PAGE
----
Blog Author: 
Christopher Price

FOXBORO ‘€” Defensive lineman Alan Branch (not injury related) and defensive end Chandler Jones (hip) were the only two players who weren’t on the field for the Patriots at Thursday’s practice.

FOXBORO ‘€” Defensive lineman Alan Branch (not injury related) and defensive end Chandler Jones (hip) were the only two players who weren’t on the field for the Patriots at Thursday’s practice.

Defensive lineman Dominique Easley (knee), defensive back Nate Ebner (finger), offensive lineman Cameron Fleming (finger) and special teamer Matthew Slater (shoulder) were all limited in Thursday’s practice, similar to Wednesday.

Here is the complete practice report:

Did not practice
DL Alan Branch (not injury related)
DE Chandler Jones (hip)

Limited participation
S Nate Ebner (finger)
DL Dominique Easley (knee)
OL Cameron Fleming (finger)
WR Matthew Slater (shoulder)

Full participation
QB Tom Brady (ankle)
CB Brandon Browner (ankle)
LB Dont’€™a Hightower (knee)

For more Patriots news, check out weei.com/patriots.

Blog Author: 
Christopher Price
Jonathan Casillas figures to help out with New England's linebacking depth, as well as on special teams. (Al Messerschmidt/Getty Images)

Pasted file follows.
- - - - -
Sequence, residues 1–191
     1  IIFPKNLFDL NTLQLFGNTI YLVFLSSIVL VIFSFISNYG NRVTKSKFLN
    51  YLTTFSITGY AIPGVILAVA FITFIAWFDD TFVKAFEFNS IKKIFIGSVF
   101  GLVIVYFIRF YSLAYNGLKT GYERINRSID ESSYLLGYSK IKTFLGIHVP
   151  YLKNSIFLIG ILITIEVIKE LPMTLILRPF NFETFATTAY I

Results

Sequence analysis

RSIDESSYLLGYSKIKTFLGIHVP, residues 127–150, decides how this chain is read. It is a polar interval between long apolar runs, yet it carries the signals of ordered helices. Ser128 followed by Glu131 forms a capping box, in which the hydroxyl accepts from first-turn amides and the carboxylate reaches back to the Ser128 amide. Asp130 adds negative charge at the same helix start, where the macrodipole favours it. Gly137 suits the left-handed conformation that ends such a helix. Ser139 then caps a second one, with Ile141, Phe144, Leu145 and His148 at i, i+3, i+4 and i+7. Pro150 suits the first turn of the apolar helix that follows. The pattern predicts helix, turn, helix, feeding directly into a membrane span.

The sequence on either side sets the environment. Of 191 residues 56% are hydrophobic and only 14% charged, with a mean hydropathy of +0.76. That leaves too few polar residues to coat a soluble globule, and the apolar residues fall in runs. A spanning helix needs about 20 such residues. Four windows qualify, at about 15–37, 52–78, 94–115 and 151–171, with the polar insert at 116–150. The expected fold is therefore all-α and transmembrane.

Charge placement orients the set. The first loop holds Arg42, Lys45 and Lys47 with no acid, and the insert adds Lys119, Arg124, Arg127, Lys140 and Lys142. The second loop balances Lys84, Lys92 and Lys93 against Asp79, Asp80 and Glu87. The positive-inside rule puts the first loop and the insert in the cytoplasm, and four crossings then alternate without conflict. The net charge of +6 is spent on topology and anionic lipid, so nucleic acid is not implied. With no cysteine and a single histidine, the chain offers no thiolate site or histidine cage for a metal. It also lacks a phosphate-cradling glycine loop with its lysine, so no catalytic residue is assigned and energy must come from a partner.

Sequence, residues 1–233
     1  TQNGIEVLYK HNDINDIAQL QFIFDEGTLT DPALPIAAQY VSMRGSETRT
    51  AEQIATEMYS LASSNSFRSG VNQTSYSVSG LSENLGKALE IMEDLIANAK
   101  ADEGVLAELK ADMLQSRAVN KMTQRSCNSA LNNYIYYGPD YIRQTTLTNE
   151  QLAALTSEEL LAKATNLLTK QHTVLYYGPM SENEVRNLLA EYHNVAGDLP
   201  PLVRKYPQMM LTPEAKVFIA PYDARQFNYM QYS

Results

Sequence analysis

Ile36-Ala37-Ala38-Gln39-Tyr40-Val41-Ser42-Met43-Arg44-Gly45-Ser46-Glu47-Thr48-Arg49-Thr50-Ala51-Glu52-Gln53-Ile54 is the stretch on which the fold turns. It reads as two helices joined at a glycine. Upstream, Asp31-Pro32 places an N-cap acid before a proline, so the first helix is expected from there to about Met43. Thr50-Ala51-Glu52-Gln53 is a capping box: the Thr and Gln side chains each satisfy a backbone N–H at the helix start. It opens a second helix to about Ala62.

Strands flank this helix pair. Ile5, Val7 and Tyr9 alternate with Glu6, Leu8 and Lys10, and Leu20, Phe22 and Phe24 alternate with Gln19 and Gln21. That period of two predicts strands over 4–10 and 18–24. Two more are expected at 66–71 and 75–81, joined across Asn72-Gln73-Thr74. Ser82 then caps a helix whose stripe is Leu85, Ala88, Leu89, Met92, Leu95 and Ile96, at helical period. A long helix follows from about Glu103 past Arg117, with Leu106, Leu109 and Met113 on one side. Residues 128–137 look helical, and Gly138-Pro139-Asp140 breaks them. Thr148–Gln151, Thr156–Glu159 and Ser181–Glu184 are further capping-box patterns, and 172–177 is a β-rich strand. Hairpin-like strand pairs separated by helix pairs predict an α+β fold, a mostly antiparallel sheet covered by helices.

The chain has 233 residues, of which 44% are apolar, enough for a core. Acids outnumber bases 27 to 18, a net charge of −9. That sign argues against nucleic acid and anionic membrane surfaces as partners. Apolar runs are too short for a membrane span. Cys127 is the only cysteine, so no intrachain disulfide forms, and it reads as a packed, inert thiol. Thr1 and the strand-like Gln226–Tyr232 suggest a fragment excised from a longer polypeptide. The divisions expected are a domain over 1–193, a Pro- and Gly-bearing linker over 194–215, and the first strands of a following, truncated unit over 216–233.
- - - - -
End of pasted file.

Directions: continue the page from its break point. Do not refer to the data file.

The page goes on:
Jonathan Casillas figures to help out with New England’s linebacking depth, as well as on special teams. (Al Messerschmidt/Getty Images)

FOXBORO — Jonathan Casillas hit the ground running this week, both literally and figuratively.

The linebacker, who was acquired by the Patriots from Tampa Bay on Tuesday, has been working to get ready for New England’s game against the Broncos Sunday.

“I’ve been running — I covered about six kickoffs today, full speed,” he said after practice on Thursday with a smile. “You want to test the hamstring out, I think that’s a good way to do it. I feel pretty good.

“Whatever they want me to do, I’m going to do,” he added. “[Special teams coach] Scotty O’Brien, as soon as I got here, he’s meeting with me and I’m doing extra work with him just to get caught up to speed, because they want me to go this weekend — and I want to go this weekend.

“I don’t like missing games, whether I’m new or not. I want to play. If I have to play all [on all] four special teams [units] and no defense to all four special teams and just a little defense, whatever that means, then I’m going to do it. I love this game. [Special] teams is something I do pretty well. I’m looking to get out there in all four.”

For Casillas, his best season for the 27-year-old came with the Saints in 2011 when he finished with 43 tackles, three sacks and two passes defensed in 13 games (five starts). In his five-plus years in the NFL, he has played in 55 games (20 starts), and has 138 tackles, three sacks and five passes defensed.